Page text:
I planted some cactus this morning — before the heat and wind came up. They say we might get rain but I don’t believe it. At least not enough to make a difference. I live in the desert and you have to expect hot sun and dry conditions. I think you should also expect to have cactus.
I’m the fourth owner of this little “hacienda” and I spend time undoing what the previous owners did or doing what they should have done some years ago. It’s a sturdy little place perched among a few neighbors on the slope above the Rio Grande. One of the previous owners had horses and another had several dogs. Sometime in the past there was an apparent campaign to eradicate all the cactus plants from the property — I guess to protect the dogs and the horses.
I like cactus and I like the way it endures the harsh conditions. We are in a serious drought and even the centuries-old juniper trees are starting to die off. A lot of the Pinon pines have already died off. It’s a shame. I have a juniper that once belonged to the king of Spain — it’s that old. It might have greeted Coronado. It is still holding on but some of its offspring are gone or are looking sickly. That’s the way of the desert.
So today I started my campaign to reintroduce cactus to my habitat. I planted Cholla — they call it “Walking Stick Cholla” because it grows tall and spindly with interesting crooked canes. When it blooms it produces a flower as pretty as a rose and the bees love it. It is even pretty when it dies because it leaves a skeleton of intricate lattice-work that looks like it was engineered by a structural scientist to withstand wind and drying sun. Cholla is a sturdy plant and folks plant hedges of the stuff to serve as a fence because the thorns will stop just about anything.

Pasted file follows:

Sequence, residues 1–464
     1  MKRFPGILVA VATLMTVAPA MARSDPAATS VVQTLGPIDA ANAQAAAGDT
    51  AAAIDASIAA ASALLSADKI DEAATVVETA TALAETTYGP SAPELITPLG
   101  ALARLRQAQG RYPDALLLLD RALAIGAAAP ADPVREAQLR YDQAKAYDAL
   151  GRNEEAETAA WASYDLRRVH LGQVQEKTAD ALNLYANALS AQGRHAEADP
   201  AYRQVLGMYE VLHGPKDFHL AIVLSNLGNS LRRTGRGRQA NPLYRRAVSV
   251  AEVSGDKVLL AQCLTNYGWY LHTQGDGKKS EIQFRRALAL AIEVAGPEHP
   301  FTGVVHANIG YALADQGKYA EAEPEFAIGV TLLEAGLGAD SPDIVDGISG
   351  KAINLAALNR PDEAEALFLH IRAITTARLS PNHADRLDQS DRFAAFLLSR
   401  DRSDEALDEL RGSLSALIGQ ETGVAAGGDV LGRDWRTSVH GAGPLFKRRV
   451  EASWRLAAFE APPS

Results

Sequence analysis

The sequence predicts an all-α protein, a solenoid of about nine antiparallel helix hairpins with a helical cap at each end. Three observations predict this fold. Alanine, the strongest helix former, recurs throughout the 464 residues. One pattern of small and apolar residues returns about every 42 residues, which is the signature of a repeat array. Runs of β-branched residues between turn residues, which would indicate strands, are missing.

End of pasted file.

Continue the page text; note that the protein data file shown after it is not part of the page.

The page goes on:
I have some Prickly Pear cactus that I haven’t planted yet. It is a little more tricky because it is low-growing and you can get tangled in it easily if you don’t watch out. I also notice that the local kangaroo rat population has acquired a taste for Prickly Pear so it might not survive without my protection.
The animals here are hard pressed for food and the rabbit population has spiked at a vary bad time. There isn’t enough food to go around. I have Desert Cottontails and Jack Rabbits looking for food and eating most of what I plant…even plants they are not supposed to eat. That’s in addition to the usual population of Rock Squirrels and rodents. I expect the coyotes to eventually decrease the rabbit population. We have hawks and snakes that will take their share as well.
So, now I have a couple chollas and the prospect of a few prickly pear and my part of the desert seems more complete.